Opened in 1936, Beartooth Scenic Byway roughly follows the old Sheridan Trail, laid out in 1882 by Yellowstone Gen. Phil Sheridan.  It achieved national attention with an official designation as a National Scenic Byway. According to the U.S. Department of Transportation, to be designated as a National Scenic Byway a road must possess at least one of six intrinsic qualities and be regionally significant: archeological, cultural, historic, natural, recreational, and scenic.  To receive an All-American Road designation, a road must possess multiple intrinsic qualities that are nationally significant and have one-of-a-kind features that do not exist elsewhere.  The road or highway must also be considered a “destination unto itself.”  It was a no-brainer designation for the Beartooth Highway.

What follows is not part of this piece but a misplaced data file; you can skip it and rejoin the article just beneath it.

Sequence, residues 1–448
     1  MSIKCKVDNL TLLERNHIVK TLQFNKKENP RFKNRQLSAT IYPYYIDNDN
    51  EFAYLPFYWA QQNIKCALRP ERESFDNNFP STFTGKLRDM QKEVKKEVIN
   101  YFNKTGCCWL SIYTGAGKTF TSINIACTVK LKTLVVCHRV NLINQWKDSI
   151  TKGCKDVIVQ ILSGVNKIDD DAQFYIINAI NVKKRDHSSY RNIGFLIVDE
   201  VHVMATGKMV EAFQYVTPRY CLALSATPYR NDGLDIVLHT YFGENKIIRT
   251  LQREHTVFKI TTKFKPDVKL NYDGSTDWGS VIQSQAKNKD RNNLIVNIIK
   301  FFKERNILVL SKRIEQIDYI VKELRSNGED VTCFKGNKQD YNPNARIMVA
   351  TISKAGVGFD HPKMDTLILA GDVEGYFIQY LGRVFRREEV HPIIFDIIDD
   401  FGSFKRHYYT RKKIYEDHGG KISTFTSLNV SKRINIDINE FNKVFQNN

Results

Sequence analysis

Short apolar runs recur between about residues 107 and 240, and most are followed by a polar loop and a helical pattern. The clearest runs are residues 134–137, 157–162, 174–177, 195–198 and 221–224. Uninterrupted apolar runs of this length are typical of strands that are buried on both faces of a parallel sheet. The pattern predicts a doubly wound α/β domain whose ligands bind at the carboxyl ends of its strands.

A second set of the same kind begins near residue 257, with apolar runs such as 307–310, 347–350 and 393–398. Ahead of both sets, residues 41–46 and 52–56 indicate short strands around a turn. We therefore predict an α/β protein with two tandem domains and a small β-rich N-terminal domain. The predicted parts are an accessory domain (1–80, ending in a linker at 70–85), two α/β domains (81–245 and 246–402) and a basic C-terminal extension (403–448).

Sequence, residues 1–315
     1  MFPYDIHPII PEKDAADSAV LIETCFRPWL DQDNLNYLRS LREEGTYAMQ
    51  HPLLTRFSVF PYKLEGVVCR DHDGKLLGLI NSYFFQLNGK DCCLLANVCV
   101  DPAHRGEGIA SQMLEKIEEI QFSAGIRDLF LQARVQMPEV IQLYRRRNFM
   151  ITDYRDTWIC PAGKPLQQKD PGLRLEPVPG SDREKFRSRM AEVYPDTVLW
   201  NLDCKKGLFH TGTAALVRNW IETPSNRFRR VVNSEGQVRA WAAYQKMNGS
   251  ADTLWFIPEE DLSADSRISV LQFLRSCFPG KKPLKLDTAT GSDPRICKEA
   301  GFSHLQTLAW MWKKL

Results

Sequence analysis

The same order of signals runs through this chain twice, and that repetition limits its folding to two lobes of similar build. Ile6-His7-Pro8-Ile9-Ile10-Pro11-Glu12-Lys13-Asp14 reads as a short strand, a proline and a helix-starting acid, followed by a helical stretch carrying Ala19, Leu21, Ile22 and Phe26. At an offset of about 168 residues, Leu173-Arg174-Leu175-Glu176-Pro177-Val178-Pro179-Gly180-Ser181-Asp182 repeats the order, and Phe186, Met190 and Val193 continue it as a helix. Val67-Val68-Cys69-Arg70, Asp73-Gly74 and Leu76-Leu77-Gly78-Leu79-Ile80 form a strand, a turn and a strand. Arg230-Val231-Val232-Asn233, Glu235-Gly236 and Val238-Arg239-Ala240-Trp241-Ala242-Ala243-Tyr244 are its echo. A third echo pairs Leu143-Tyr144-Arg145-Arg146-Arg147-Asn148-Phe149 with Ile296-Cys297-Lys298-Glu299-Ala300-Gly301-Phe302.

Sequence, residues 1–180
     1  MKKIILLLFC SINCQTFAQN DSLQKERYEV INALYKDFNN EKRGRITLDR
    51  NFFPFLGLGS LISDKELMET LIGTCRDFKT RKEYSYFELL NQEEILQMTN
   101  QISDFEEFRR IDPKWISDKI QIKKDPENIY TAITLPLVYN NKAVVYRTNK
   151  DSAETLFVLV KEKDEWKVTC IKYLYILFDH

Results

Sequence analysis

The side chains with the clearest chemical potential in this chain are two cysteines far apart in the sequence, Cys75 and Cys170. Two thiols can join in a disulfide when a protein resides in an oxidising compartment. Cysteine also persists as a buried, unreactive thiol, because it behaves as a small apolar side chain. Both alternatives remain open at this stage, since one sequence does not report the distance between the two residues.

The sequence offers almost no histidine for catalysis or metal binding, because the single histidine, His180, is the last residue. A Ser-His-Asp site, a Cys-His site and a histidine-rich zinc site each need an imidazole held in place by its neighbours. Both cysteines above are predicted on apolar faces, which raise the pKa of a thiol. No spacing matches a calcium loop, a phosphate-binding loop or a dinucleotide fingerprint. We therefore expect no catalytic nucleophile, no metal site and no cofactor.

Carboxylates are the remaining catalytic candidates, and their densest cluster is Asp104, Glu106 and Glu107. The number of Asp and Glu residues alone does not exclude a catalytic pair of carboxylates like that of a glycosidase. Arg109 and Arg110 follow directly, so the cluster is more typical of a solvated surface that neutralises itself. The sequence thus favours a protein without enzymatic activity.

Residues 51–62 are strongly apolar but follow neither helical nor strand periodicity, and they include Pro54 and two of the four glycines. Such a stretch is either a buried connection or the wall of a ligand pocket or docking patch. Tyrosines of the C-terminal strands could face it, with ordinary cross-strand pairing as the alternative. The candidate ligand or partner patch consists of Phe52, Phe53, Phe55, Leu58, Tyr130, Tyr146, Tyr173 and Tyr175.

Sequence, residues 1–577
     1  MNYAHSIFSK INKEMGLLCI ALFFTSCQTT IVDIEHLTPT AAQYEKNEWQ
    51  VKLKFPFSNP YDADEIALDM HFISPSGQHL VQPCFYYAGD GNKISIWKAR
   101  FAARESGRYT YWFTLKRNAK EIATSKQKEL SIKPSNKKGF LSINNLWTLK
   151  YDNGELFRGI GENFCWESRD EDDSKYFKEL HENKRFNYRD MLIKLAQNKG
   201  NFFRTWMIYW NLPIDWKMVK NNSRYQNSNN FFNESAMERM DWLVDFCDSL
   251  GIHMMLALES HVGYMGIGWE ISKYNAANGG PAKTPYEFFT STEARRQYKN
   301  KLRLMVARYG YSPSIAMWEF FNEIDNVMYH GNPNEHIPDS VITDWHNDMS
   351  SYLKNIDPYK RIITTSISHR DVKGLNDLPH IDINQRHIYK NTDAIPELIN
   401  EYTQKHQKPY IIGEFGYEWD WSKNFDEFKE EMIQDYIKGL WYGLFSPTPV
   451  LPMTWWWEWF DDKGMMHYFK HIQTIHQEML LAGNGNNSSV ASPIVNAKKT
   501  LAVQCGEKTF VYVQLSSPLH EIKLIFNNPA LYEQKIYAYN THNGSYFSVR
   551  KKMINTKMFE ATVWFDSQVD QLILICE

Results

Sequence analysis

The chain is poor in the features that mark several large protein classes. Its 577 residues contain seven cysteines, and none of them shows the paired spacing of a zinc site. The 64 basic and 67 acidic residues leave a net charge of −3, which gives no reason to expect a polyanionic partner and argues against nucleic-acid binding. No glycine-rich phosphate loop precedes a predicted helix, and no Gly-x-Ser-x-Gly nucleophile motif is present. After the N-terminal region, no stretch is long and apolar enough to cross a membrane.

Tundra Flowers, Beartooth Pass
Tundra Flowers

The spire known as the Bears Tooth along Beartooth Highway was carved in the shape of a large tooth by glacial ice gnawing inward and downward against a single high part of a rocky crest. Beartooth Butte is a remnant of sedimentary deposits that once covered the entire Beartooth Plateau. The actual Beartooth Peak seems rather diminutive ornament atop the massive escarpment of the Beartooth front.

Winding through this alpine wonderland drivers will find vast mountain landscapes, massive glaciers and alpine meadows full of wildflowers, In the surrounding mountains, glaciers are found on the north flank of nearly every mountain peak over 11,500 feet high. The common flowers found below the timberline in wet meadows are Indian paintbrush, monkey flower, senecio, and buttercups, and in drier areas are lupine, beardtongue, arrowleaf balsamroot, and forget-me-nots. Mid-July is generally the optimum time for wildflower viewing.  Wildflowers at this elevation are dwarfed and this adds to the wonder. Wildlife abounds, marmots are common, pika if you know where to look, and mountain goats if you are lucky.